const char getInput(std::string const* options, size_t const& size)
{
printOptions(options, size);

char input;
bool needInput = true;
while (needInput)
{
    std::cout << "Enter a number: ";
    std::cin >> input;
    for (size_t i = 0; i < size; i++)
    {
        char optionBuffer[2];
        std::sprintf(optionBuffer, "%zu", i + 1);
        if (input == *optionBuffer)
        {
            needInput = false;
            break;
        }
    }

    if (needInput)
        std::cout << "Option not available." << std::endl;
}

return input;
}

Server.hpp

#pragma once
#include <SFML/Network.hpp>
#include <iostream>
#include <string>

namespace
{
class Server
{
public:
    Server();
    ~Server();

    static const unsigned short SERVER_PORT = 54000;

    void getMessage();
protected:
private:
    sf::UdpSocket socket;
};
};

Server.cpp

#include "include/Server.hpp"

//using namespace;

Server::Server()
{
this->socket.bind(SERVER_PORT);
}

Server::~Server() {}

// TODO: Ensure that the socket is bound to a port.
void Server::getMessage()
{
sf::IpAddress   sendersAddress;
unsigned short  sendersPort;
sf::Packet      sendersPacket;

// Failed to recieve packet
if (this->socket.receive(sendersPacket, sendersAddress, sendersPort)
        != sf::Socket::Done
    )
{
    std::cout << "Failed to recieve packet." << std::endl;
}
// Sucessfully recievd packet
else
{   
    std::string message;
    sendersPacket >> message;
    std::cout << "Recieved message:\n\n" << message << std::endl;
}
}

Client.hpp

#pragma once
#include "Server.hpp"
#include <SFML/Network.hpp>

namespace
{
class Client
{
public:
    Client();
    ~Client();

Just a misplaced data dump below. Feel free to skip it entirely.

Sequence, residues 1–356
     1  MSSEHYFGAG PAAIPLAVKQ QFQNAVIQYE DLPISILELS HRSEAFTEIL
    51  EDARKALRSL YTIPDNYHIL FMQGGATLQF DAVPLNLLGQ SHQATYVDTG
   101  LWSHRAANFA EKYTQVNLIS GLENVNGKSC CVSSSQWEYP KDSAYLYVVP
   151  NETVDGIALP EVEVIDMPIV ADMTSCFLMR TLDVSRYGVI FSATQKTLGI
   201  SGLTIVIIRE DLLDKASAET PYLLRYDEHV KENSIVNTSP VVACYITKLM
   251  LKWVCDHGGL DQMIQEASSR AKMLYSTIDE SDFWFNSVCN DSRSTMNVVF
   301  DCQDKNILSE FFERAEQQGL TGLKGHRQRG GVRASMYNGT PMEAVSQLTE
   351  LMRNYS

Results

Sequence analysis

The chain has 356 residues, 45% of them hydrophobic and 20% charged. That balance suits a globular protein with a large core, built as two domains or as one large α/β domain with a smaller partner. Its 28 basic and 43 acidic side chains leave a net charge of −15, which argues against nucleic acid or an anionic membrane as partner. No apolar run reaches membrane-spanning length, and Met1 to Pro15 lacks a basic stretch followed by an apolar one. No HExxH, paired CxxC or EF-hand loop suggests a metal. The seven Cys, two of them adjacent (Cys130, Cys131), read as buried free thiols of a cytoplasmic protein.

void sendMessage(std::string const&);
protected:
private:
    sf::UdpSocket socket;
};
};

Client.cpp

#include "include/Client.hpp"

//using namespace;

Client::Client()
{
this->socket.bind(sf::Socket::AnyPort);
}

Client::~Client()
{

}

void Client::sendMessage(std::string const& recipient)
{
std::string message;
sf::Packet packet;

std::cout << "Write a message:\n" << std::endl;
do
{
    std::getline(std::cin, message);
} while (!message.size());

socket.send(packet, recipient, Server::SERVER_PORT);
}
share|improve this question
1  
A namespace without a name is almost certainly not doing what you think it does. Why are you using unnamed namespaces here? –  GManNickG Nov 7 '13 at 23:51
    
I obviously Need to read up on namespaces again. Thanks for that, and sorry for the unnecessary question. –  0x0byte Nov 7 '13 at 23:56

1 Answer 1

up vote 3 down vote accepted

The problem is that your Server and Client class declarations are inside unnamed (or anonymous) namespaces. To fix it, simply give your namespaces a name, such as:

namespace MyNamespace
{
    class Server
    {
        // ...
    };
}

In the *.cpp files (including main.cpp), make sure you have a corresponding using directive, such as:

using namespace MyNamespace;

Alternatively, you can fully-qualify the names when you use them, e.g. MyNamespace::Server instead of just Server.

As a side note, unnamed namespaces are actually valid and sometimes very useful. When the compiler sees a namespace without a name, it comes up with a unique internal name for it, and immediately follows it with a hidden using namespace ... directive. That's very useful for things which you want to define and use only within a single *.cpp file, because it can help avoid naming conflicts. (An older way to do something similar involved the static keyword).

As a rule though, don't use unnamed namespaces in a header file.